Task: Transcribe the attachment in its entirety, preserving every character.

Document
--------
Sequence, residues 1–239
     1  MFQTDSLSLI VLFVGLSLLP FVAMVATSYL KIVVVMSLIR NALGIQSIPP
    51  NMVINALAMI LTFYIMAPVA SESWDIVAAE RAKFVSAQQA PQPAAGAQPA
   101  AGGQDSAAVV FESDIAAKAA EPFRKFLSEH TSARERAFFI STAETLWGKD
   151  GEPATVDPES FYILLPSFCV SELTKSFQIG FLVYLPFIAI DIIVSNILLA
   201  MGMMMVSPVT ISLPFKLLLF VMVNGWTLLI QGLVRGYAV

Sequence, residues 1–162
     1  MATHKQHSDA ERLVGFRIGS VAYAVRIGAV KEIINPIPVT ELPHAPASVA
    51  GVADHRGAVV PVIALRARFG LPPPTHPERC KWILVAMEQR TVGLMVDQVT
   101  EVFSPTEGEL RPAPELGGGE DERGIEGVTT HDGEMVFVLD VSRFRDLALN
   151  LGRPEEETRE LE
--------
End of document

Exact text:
Sequence, residues 1–239
     1  MFQTDSLSLI VLFVGLSLLP FVAMVATSYL KIVVVMSLIR NALGIQSIPP
    51  NMVINALAMI LTFYIMAPVA SESWDIVAAE RAKFVSAQQA PQPAAGAQPA
   101  AGGQDSAAVV FESDIAAKAA EPFRKFLSEH TSARERAFFI STAETLWGKD
   151  GEPATVDPES FYILLPSFCV SELTKSFQIG FLVYLPFIAI DIIVSNILLA
   201  MGMMMVSPVT ISLPFKLLLF VMVNGWTLLI QGLVRGYAV

Sequence, residues 1–162
     1  MATHKQHSDA ERLVGFRIGS VAYAVRIGAV KEIINPIPVT ELPHAPASVA
    51  GVADHRGAVV PVIALRARFG LPPPTHPERC KWILVAMEQR TVGLMVDQVT
   101  EVFSPTEGEL RPAPELGGGE DERGIEGVTT HDGEMVFVLD VSRFRDLALN
   151  LGRPEEETRE LE